Crucial Demonstrates DDR4-2133 Modulesby Jarred Walton on January 10, 2013 4:56 PM EST
We’re not likely to be running DDR4 any time soon on desktops, and even most laptops are probably over a year away from getting the upgrade, but now is the time to prepare for the shift. To that end, Micron (Crucial) has a DDR4 demonstration running at CES 2013. The system is an Intel test platform with undisclosed internal hardware, affectionately (or perhaps not) referred to as the Frankenstein Box. My guess is that there might be an Ivy Bridge, Sandy Bridge-E, or current-gen Xeon running in the box with a converter board of some sort to allow the DDR4 to talk to the DDR3 on-die controller (similar to the RDRAM to SDRAM converters we saw back in the Pentium 4 Rambus days), but how they’re running it right now isn’t particularly important so much as the fact that they are able to run Windows. It’s just as possible that the box has an unannounced next generation Xeon with a DDR4 controller. But I digress….
The systems wasn’t open for inspection, but Crucial had an oscilloscope showing the signals on the test unit and a bootable Windows 7 platform running a bouncing balls simulation, which is what we usually see with early/prototype/Frankenstein systems. The memory was running at 2133MHz, apparently with similar timings to what we currently see with DDR3-2133, so at launch the base DDR4 speeds are going to be around twice as fast as what we saw with DDR3. The test platform unfortunately is limited to 2133MHz as the maximum clock; Crucial said they’re seeing 2400-2800MHz without any trouble, and the JEDEC DDR4 specifications currently go up to DDR4-3200. Worth note is that DDR4 makes some changes to help reduce power use, including dropping the standard voltage to 1.2V (down from 1.5V with DDR3), and we’ll likely see low voltage and ultra low voltage DDR4 in the 1.0-1.1V range.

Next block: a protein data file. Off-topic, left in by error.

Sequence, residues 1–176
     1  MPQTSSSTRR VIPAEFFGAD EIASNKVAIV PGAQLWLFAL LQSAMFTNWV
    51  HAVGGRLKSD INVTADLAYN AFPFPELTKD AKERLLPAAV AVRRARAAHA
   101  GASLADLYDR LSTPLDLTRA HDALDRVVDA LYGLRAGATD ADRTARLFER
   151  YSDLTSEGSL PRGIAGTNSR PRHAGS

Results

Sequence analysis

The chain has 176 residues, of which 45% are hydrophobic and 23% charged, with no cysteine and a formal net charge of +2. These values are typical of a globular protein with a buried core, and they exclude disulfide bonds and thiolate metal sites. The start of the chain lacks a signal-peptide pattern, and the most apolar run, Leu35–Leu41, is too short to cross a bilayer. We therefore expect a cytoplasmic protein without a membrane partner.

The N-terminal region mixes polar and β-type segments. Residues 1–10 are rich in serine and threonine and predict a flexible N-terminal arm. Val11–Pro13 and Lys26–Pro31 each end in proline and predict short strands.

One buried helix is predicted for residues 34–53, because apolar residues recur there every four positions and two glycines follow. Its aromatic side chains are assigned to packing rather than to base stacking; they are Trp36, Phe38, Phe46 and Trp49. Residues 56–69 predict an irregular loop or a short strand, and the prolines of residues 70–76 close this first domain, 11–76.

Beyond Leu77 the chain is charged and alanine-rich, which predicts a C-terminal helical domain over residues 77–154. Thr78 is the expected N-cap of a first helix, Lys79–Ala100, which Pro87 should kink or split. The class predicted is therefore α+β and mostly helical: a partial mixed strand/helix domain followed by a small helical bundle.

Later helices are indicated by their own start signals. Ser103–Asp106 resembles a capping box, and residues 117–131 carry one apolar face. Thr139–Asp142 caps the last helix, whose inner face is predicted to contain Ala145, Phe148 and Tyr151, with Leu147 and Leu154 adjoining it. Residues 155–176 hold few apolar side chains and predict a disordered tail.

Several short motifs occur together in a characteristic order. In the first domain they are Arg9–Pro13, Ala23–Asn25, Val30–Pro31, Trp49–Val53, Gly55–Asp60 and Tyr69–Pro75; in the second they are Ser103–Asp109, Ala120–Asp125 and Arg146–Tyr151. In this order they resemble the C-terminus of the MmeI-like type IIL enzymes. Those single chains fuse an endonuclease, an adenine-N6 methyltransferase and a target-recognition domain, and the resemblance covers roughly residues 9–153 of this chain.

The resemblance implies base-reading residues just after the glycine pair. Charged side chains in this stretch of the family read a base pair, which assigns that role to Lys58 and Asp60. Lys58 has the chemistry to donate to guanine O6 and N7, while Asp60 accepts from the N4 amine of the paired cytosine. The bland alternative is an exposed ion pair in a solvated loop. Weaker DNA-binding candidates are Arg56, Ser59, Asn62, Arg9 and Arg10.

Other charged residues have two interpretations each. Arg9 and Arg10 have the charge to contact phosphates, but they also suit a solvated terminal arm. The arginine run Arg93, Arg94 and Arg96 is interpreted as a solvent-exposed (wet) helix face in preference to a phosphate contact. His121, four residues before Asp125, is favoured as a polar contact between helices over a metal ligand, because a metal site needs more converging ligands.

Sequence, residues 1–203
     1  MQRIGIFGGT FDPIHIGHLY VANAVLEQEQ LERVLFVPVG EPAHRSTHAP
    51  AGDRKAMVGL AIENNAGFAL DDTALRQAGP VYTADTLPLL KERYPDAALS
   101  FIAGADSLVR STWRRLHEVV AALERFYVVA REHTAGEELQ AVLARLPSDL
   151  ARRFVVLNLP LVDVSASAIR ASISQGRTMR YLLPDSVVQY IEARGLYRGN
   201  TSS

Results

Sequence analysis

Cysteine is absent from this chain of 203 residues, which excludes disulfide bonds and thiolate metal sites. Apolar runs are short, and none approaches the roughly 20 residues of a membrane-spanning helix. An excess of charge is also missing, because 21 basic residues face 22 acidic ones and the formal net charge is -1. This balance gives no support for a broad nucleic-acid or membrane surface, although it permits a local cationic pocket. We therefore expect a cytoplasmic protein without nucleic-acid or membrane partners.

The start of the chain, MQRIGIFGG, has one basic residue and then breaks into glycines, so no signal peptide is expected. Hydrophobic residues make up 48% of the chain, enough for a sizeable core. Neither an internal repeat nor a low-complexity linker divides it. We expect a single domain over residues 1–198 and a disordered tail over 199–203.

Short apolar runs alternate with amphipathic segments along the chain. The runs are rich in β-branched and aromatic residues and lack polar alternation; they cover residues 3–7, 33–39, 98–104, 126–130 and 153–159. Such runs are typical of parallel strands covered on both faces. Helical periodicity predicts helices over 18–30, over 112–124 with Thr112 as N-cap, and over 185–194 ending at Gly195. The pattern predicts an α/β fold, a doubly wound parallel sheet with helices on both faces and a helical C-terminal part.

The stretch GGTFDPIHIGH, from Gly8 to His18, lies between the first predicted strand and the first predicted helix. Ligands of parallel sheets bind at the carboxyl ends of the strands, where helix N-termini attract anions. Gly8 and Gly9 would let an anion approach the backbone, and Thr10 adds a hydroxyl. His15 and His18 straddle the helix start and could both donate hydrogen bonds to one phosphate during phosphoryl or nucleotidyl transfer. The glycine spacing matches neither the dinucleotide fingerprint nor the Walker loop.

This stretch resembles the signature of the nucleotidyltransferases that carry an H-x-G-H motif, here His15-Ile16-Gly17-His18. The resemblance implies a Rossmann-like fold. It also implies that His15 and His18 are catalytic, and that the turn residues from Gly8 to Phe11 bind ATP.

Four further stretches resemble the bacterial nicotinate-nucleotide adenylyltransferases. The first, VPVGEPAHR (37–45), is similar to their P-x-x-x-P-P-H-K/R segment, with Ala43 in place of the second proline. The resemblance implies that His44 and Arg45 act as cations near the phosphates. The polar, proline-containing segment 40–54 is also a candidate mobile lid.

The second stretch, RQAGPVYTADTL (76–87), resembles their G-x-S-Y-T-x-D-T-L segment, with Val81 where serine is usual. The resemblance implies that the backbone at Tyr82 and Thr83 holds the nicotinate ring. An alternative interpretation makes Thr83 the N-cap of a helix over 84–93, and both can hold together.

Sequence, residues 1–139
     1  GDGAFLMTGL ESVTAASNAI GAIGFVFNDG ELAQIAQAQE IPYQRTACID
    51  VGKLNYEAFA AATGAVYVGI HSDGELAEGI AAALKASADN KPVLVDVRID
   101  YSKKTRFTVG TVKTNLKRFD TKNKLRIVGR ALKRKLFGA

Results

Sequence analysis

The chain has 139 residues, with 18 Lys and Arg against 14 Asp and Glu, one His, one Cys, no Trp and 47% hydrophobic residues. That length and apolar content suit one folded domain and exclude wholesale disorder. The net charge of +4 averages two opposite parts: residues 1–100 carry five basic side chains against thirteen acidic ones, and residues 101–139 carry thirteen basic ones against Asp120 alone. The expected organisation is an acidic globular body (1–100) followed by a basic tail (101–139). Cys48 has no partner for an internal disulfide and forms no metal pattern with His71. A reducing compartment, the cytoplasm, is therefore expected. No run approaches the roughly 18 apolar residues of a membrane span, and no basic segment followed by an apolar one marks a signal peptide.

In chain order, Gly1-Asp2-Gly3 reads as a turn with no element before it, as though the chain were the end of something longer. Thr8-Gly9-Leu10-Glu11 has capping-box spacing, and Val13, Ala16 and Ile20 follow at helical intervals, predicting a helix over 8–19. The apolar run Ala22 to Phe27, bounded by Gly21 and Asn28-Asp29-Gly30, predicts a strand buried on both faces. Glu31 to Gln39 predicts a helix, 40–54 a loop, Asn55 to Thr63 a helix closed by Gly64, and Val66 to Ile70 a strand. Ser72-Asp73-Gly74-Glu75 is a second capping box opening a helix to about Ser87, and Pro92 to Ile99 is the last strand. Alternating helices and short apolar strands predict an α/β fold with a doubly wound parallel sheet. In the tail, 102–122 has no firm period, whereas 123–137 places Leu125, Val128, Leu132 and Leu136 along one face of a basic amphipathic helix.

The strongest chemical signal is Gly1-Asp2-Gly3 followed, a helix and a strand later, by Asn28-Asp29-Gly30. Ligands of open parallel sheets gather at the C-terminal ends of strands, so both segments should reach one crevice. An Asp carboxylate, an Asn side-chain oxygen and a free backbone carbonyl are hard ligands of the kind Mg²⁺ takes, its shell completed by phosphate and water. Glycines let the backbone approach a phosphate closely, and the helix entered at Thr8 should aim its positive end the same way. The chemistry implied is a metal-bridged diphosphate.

The standard memory chips are now 4Gb compared to 2Gb for most DDR3, which makes 4GB single-sided and 8GB double-sided DIMMs the starting capacity. The initial target devices will be servers where the improved memory density and power savings are needed most, effectively doubling the amount of RAM we’re likely to see at similar price points/configurations to the current generation DDR RAM. Crucial will be releasing a full portfolio of products based off the memory chips, including RDIMMs, LRDIMMs, SO-DIMMs, and UDIMMs (standard and ECC). Mobile and desktop adoption of DDR4 is expected to occur in 2014. One change Crucial pointed out with their UDIMMs can be seen in the photo above: the edge with the 284 pins is no longer perfectly straight. The idea is that when you insert a DDR4 DIMM, it will require less pressure as you’ll only be pushing in about half of the pins at a time.
Besides the DDR4 demonstration, Crucial had a display showing their various memory modules over time, from DDR through DDR4. It’s always fun to see how far we’ve come over the past eight or so years. At the top we have a DDR DIMM with 184 pins—state-of-the-art circa 2001/2002. Launch speeds were DDR-200 (PC1600), with capacities of 128MB to 1GB being typical over the life of the product. DDR2 moved to 240 pins around 2003, launching at DDR2-400 and moving up to DDR2-1066 by the end of its life cycle; typical capacities ranged from 256MB to 2GB. 2007 brought about the advent of DDR3, and while there are technically DDR3-800 parts, for the mainstream market DDR3 started at 1066 and has officially moved up to DDR3-2133; capacities are generally in the 512MB to 4GB range, with 8GB being the maximum. And last we have DDR4, launching by the end of the year. If the pattern continues, we should see DDR4-4266 by the time DDR5 memory is ready for mainstream use and capacities will start at 2GB and likely top out at 16GB (possibly more) per module.